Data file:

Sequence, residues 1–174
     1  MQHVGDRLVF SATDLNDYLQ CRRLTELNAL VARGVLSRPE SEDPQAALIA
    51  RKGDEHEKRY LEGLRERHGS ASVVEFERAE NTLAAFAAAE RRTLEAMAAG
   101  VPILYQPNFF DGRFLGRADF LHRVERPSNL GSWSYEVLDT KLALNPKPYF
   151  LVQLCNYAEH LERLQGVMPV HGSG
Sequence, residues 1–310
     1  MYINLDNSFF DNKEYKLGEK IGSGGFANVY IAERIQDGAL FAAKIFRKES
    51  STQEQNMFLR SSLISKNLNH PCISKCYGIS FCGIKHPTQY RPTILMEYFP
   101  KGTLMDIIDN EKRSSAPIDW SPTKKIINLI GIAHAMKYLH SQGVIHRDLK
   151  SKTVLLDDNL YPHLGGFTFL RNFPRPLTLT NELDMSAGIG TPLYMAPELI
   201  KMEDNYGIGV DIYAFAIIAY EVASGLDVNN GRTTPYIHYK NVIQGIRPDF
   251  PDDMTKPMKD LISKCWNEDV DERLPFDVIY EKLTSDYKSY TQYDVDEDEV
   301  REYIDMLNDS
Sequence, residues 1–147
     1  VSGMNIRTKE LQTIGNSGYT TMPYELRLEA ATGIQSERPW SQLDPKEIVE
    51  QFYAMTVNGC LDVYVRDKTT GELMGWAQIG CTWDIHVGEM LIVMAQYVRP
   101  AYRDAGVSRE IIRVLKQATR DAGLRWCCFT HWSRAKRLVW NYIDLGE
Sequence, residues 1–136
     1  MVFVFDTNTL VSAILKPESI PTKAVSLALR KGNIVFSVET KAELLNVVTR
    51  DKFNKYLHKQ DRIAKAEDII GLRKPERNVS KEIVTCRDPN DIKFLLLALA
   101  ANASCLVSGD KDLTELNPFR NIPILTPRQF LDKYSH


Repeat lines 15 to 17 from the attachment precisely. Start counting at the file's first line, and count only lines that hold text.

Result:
     1  VSGMNIRTKE LQTIGNSGYT TMPYELRLEA ATGIQSERPW SQLDPKEIVE
    51  QFYAMTVNGC LDVYVRDKTT GELMGWAQIG CTWDIHVGEM LIVMAQYVRP
   101  AYRDAGVSRE IIRVLKQATR DAGLRWCCFT HWSRAKRLVW NYIDLGE